SERENA, Ill. — Bryan and Ben Temple each started their sheep
projects with two ewes.
“We got started with sheep through dad at a young age, and
then our projects took off,” said Bryan Temple, who recently graduated from
Serena High School. “Now my flock includes 45 Montadale ewes.”
Ben Temple, 15, also started with Montadale sheep, but
switched to raising Southdowns, and he has grown his flock to 25 ewes.
“I wanted to show sheep that were smaller, and I got tired
of competing against my brother,” he explained.
“My inspiration for Southdowns came from Mark Johnson, who
is a Purina Honor Show Chow ambassador,” the high school sophomore said. “He
taught us a lot about how to show and trim sheep.”
Some of Bryan Temple’s earliest memories of the sheep
business include stomping wool during shearing day.
“One year, we lambed 150 ewes,” recalled the son of Brad and
“The first year dad was elected to the state Farm Bureau
board, I lambed out 100 ewes on my own,” he recalled. “I came home during lunch
periods and study periods to check the ewes. Then dad sold most of his ewes.”
Brad Temple serves as the District 4 Director of the
Illinois Farm Bureau.
The brothers, who are both 4-H members and Serena FFA
Chapter members, travel to as many as six county fairs each year, the Illinois
State Fair, the North American International Livestock Exposition and the All
American Junior Sheep Show.
The All American show moves to different locations each
year, and this year it is located at East Lansing, Mich., during the Fourth of
July weekend. In addition to the shows, the event also features a lot of
activities for the junior exhibitors.
“Of course, I like the showing, but I also enjoy the judging
contest, skill-a-thon and the basketball games,” Ben Temple said.
The brothers usually show three to four sheep each for the
national competitions and from six to 12 sheep each at the county fairs.
“One year, we took 24 or 25 head to the Kendall County
Fair,” Bryan Temple noted.
“Last year was a very good year. I showed the champion ram
over all breeds at the Sandwich Fair and the junior champion Montadale ram at
Louisville,” the shepherd said.
“I love livestock and starting out with the lambs and seeing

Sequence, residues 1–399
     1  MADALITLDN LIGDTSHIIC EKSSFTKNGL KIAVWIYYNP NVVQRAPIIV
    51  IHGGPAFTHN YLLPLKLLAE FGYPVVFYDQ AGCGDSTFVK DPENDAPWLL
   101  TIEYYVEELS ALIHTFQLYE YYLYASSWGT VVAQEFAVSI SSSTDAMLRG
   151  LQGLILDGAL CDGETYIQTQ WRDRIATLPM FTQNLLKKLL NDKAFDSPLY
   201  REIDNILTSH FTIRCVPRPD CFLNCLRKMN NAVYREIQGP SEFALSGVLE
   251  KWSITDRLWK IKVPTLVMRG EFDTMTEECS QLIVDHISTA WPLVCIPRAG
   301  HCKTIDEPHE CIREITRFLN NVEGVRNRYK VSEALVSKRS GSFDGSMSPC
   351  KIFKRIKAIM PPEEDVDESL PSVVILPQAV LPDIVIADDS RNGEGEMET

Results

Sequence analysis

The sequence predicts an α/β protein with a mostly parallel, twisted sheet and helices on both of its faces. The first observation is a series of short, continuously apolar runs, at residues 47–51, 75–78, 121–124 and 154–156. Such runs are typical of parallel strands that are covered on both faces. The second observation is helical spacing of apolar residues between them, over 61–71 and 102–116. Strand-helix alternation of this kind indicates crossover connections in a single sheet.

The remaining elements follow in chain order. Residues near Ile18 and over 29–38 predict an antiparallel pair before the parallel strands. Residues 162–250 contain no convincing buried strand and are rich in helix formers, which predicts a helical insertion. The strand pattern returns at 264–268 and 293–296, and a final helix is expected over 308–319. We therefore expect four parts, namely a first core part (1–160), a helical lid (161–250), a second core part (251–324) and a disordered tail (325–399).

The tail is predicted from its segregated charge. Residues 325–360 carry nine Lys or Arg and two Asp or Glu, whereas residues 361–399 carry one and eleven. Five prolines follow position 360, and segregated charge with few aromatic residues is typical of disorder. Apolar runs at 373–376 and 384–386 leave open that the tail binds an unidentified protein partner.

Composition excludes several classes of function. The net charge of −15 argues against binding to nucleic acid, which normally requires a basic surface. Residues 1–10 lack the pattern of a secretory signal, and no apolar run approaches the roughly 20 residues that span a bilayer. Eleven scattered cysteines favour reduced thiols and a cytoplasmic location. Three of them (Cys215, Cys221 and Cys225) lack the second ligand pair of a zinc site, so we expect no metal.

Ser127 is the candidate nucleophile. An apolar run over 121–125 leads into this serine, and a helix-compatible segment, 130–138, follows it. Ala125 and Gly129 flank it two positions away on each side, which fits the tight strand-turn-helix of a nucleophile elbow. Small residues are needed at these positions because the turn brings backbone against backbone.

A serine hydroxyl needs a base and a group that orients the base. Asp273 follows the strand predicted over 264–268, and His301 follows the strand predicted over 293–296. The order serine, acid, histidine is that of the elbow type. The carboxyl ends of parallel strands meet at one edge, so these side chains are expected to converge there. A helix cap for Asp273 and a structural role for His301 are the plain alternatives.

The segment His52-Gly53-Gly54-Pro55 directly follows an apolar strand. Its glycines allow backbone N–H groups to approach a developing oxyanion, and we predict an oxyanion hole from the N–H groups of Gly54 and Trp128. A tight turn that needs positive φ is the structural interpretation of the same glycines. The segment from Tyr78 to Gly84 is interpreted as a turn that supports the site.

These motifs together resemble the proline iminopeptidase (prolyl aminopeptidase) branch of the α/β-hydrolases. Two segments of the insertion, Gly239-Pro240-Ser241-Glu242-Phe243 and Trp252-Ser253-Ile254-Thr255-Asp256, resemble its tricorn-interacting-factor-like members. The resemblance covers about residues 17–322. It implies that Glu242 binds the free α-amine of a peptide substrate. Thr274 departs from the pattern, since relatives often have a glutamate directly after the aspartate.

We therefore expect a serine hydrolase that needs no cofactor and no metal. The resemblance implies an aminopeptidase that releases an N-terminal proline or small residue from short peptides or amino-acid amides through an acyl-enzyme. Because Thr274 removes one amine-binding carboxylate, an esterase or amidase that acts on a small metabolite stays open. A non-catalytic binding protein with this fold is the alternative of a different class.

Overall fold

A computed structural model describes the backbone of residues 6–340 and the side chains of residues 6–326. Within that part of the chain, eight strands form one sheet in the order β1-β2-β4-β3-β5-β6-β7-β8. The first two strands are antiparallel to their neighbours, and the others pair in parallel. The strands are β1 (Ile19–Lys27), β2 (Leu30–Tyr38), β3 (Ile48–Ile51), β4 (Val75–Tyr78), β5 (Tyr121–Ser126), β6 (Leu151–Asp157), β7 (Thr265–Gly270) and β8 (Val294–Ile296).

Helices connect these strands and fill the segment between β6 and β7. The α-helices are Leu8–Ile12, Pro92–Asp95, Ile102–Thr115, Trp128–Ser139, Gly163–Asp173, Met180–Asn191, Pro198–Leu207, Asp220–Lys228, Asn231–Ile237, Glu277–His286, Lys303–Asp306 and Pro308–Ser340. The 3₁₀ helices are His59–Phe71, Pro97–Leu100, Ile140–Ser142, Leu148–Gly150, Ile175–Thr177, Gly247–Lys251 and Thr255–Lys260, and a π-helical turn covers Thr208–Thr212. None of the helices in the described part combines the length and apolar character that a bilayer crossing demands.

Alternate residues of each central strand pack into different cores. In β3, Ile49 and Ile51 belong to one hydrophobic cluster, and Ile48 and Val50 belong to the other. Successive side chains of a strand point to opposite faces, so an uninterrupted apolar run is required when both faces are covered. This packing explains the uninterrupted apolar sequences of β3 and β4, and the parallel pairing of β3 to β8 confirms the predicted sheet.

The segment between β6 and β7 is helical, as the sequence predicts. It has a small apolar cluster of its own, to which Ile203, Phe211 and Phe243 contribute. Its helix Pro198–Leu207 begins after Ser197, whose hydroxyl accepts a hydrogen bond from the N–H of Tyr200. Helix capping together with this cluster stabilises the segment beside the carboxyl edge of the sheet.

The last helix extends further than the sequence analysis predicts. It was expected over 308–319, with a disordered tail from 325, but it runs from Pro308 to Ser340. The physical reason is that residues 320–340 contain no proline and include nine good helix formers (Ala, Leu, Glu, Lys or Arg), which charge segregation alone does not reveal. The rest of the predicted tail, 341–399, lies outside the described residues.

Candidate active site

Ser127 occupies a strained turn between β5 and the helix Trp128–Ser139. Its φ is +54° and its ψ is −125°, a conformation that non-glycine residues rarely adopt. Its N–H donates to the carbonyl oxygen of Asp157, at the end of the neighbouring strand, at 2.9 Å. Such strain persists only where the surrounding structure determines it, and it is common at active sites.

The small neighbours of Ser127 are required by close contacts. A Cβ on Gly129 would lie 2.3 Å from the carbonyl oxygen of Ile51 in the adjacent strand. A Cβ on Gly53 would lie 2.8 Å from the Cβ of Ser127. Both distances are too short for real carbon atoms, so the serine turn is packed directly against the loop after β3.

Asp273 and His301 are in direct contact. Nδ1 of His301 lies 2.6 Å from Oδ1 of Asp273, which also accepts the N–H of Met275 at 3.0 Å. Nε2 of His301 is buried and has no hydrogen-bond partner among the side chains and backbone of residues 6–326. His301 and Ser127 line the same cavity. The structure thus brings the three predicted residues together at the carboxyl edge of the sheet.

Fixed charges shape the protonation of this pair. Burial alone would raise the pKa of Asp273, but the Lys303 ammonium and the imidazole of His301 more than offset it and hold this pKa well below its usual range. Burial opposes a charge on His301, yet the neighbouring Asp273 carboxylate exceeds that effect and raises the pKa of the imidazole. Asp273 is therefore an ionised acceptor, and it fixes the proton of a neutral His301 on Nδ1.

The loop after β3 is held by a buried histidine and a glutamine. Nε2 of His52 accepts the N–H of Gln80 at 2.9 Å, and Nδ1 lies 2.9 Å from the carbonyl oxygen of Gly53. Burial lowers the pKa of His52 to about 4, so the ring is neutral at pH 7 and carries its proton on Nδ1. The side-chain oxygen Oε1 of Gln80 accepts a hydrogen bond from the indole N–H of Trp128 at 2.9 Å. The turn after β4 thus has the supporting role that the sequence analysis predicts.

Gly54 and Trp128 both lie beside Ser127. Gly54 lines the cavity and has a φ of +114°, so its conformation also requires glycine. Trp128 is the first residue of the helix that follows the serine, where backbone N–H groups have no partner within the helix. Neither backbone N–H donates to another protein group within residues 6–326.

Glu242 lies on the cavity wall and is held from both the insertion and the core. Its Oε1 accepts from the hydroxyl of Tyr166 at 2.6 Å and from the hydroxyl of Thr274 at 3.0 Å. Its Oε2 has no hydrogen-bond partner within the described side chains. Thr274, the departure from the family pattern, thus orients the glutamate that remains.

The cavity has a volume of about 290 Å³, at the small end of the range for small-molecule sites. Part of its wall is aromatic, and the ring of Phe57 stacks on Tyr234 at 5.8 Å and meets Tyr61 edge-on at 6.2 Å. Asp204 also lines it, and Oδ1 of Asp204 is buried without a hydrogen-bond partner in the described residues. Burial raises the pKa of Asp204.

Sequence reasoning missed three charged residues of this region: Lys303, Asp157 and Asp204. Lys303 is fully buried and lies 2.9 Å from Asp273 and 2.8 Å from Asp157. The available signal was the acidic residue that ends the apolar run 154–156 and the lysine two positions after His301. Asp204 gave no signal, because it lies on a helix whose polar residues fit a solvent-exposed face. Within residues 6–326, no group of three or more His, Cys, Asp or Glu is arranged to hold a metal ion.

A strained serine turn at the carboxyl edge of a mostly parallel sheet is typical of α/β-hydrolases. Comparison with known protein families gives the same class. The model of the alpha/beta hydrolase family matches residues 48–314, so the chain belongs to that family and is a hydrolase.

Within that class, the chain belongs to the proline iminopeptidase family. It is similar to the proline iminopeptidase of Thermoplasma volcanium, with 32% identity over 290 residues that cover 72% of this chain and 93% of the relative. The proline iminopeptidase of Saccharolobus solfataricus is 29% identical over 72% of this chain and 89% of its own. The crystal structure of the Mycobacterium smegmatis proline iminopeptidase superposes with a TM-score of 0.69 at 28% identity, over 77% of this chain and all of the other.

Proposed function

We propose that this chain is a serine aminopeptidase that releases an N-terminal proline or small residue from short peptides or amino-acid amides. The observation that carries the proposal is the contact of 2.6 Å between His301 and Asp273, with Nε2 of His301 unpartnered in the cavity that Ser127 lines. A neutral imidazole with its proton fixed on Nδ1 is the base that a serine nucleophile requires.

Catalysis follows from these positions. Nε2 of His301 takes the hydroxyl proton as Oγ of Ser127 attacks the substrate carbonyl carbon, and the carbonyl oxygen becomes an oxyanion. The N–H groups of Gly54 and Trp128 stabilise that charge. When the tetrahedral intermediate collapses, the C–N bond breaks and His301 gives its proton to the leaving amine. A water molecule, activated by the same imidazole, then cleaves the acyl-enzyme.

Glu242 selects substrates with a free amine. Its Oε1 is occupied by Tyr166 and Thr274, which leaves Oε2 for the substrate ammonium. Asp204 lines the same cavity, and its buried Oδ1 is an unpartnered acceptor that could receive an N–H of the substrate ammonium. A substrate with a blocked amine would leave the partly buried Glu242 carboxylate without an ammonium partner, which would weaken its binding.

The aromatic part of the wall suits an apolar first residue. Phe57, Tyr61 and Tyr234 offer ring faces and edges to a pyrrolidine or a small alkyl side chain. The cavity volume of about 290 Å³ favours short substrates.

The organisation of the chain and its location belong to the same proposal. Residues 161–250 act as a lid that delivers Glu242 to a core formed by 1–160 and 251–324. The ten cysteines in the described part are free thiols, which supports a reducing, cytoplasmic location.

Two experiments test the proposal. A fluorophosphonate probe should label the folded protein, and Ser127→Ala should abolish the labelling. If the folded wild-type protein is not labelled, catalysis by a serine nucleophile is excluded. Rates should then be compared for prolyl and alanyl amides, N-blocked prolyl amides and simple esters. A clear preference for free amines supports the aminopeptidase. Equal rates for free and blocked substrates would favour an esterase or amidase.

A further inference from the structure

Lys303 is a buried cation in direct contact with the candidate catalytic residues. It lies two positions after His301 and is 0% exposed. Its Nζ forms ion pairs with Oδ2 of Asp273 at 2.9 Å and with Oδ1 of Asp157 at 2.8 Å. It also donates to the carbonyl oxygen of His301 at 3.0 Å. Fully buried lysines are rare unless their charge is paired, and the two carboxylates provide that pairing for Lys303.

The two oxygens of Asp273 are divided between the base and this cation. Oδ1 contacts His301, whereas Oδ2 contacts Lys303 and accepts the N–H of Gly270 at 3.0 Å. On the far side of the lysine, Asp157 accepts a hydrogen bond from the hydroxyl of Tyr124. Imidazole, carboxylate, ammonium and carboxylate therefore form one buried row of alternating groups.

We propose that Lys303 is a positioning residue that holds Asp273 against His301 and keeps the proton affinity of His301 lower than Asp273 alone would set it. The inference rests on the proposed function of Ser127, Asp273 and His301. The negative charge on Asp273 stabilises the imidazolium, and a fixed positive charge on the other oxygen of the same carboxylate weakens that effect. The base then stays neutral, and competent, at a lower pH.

what they become,” he explained. “I like showing, but raising sheep is a lot
“I’m just the opposite,” Ben Temple said. “I like showing
the best and being with the sheep because each one has its own personality, plus
I like to meet new people at the fairs.”
From his sheep project, he has learned the importance of
responsibility since his flock relies on him for their feed and daily care.
“I like staying up late and being there when the new lambs
are born,” he added.
“I’ve learned about judging livestock and how to pick out
the good sheep,” Bryan Temple said. “I’ve also learned a lot about management
In the past, the shepherds have sold sheep at sales. Today,
however, they mostly sell their market lambs privately.
“We’ve also sold some breeding stock including ewes to
Oregon,” Bryan Temple said.
In addition to his achievements in the show ring, he also
has been honored with FFA awards for his sheep project.
At the recent Illinois FFA State Convention, he received his
state farmer degree, as well as the state proficiency award in sheep production.
In addition, he will be serving as the Section 7 president for the upcoming
“I really enjoy livestock judging, FFA record books and
talking about my projects,” he said. “I love the chance to talk about farming. I
could talk about farming all day.”
Attending the National FFA Convention was another highlight
for Temple, as well as participating in the Washington Leadership Conference.
“I went to WLC last year, and that was my favorite thing I
did during high school,” he said.
“I like livestock judging, and the 212 Conference was fun,”
Ben Temple added.
This fall, Bryan Temple plans to attend Joliet Junior
College and enroll in the ag transfer program. He is unsure which university he
will attend to complete his bachelor’s degree.
“My goal is to come back home and farm,” he stressed. “All I
want to do is farm.”
In addition to his flock, Bryan Temple also manages a mowing
business that started before he could drive to the different towns. “My mom use
to drive me around, and now I mow 18 yards,” he said.
Those lawns are located in Harding, Leland, Baker, Wedron
and Serena. “On a good day I can get 12 done, and Ben helps me, too,” Temple